NDTV Bengali is the Bengali web portal of the television news channel NDTV, founded in 1988. With a heavy focus on graphics, it intends to provide its readers with an overview of the latest news and has well demarcated sections for the leading events from the world of politics, sports, business, entertainment and lifestyle.
News18 Bangla is part of the vernacular news websites of the Network 18 group. It is designed for the Bengali speaking population scattered across the globe and with its all day long live television broadcasting and snippets of video and pictorial news, aims to bring the latest information across all sections to its viewers.
Webdunia is a news website with a strong focus on news about religion, astrology, philosophy, yoga and the like. It also has a heavy pictorial representation of its news from entertainment and lifestyle with some coverage from the world of politics and business as well.
Having witnessed the publication of Asia’s first-ever newspaper, Bengal has a long history of newspapers, ever since the 18th century. As a political hotbed of the Indian freedom struggle, as well as in the wake of the Bengal Renaissance, the region has a legacy of intellectualism. Primarily, this was and still is due to the Bengali middle-class intelligentsia, which has been a considerable resource pool for both traditional and global knowledge. Further, Bengal was also one of the first provinces to have been westernized in the region that we now call the Indian Subcontinent. Backed by these factors, among others, Bengal has a dynamic media landscape.
However, with the onset of electronic media since the early 1990s, print-media has suffered a loss to its erstwhile position of dominance. Nonetheless, Bengali newspapers still have a massive readership across urban and rural Bengal, acting as one of the major modes of media communication in the state.
In terms of Press Freedom, the media landscape in West Bengal is better in comparison to many others, given that there are no official censorship laws in place. In the age of conglomerate-run media houses, however, most publications speak the language of those who run them. Still, the emergence of several independent news publications in West Bengal is definitely a positive sign for the future of journalism in the region.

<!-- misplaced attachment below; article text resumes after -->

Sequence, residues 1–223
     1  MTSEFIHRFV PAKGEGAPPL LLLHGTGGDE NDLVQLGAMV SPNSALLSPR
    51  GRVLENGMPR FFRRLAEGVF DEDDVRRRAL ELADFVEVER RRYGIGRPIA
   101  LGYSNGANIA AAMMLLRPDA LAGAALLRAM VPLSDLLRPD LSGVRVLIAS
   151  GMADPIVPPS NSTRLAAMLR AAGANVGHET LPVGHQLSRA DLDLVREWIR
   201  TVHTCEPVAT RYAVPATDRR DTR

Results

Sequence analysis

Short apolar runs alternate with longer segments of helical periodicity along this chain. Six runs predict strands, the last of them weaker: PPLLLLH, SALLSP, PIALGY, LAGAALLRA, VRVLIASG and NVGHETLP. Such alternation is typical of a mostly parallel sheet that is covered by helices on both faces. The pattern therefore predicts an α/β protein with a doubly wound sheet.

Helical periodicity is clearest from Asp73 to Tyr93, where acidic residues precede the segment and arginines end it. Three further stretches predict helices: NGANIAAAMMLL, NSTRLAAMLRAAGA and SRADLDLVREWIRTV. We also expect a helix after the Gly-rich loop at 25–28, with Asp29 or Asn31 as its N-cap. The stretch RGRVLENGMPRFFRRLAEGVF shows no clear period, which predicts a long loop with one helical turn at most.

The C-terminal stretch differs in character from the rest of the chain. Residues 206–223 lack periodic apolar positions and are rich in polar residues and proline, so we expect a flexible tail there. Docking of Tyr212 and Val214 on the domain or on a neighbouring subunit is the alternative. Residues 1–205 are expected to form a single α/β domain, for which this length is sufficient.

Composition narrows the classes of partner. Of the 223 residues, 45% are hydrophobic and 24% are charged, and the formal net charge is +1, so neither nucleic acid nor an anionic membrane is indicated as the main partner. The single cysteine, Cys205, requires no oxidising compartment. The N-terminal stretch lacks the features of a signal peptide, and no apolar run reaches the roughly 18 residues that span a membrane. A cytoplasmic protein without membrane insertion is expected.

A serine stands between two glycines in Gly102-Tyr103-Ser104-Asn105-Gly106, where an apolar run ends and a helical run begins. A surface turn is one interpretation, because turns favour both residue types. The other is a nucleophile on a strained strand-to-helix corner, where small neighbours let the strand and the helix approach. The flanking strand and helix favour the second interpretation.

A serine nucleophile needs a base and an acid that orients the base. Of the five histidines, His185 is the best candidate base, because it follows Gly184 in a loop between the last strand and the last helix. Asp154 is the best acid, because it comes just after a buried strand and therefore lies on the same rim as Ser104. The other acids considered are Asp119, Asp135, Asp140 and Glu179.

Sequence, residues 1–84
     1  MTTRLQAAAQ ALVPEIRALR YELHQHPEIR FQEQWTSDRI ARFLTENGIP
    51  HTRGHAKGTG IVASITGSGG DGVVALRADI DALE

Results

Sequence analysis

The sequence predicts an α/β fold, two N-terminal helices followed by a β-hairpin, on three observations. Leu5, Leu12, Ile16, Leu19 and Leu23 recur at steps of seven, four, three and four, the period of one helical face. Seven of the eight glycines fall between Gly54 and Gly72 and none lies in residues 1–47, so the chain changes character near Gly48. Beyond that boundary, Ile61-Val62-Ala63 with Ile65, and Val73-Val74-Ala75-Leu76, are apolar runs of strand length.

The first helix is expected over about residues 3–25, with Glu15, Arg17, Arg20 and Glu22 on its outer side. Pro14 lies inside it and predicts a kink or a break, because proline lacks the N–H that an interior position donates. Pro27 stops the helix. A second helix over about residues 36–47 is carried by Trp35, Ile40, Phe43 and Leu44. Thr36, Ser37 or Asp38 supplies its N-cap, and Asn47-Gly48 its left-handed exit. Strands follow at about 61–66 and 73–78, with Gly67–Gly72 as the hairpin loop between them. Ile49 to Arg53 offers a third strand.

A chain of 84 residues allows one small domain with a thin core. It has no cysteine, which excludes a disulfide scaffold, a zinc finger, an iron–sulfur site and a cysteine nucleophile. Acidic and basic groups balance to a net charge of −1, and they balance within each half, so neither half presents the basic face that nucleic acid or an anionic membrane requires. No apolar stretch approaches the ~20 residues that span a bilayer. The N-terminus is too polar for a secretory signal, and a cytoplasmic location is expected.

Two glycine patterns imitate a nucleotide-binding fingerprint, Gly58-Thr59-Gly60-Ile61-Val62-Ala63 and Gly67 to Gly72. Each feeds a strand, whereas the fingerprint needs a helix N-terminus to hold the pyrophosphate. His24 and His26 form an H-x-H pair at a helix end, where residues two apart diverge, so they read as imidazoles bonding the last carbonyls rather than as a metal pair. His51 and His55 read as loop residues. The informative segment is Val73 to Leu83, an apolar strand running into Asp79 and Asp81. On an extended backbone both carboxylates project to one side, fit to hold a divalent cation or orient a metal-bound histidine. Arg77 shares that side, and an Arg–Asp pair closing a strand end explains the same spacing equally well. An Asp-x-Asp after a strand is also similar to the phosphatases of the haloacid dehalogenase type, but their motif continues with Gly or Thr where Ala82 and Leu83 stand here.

Realizing that the media industry will only keep growing, we at MediaBuzz are dedicated to staying right on its tail, to bring to our readers an up-to-date coverage of every possible news source. Our team is built with professional writers who have an unquenchable enthusiasm for finding out trends in the field of journalism. That said, we are more than happy to receive any suggestions which can help us make our list better.
Do help us out in our quest to know more by answering these questions in the comment section:
- Which are the top 3 Bengali newspapers, according to your tastes?
- Have we missed out any relevant news source in our list? Please mention which ones.
- What is your view on the authority’s control over news in Bengal? What do you think about the political turns of the different newspapers?
- Which Bengali news sources, do you think, are doing the best at maintaining neutrality?
- What do you think about our categorization of news sources in this article? Would you suggest any other category?
- Did any particular newspaper or website catch your attention?
- Do you read any of these English and/or Bengali newspapers already? Are any of these your favorite?
- Is there any crucial information we have missed out on, related to English and/or Bengali newspapers in West Bengal?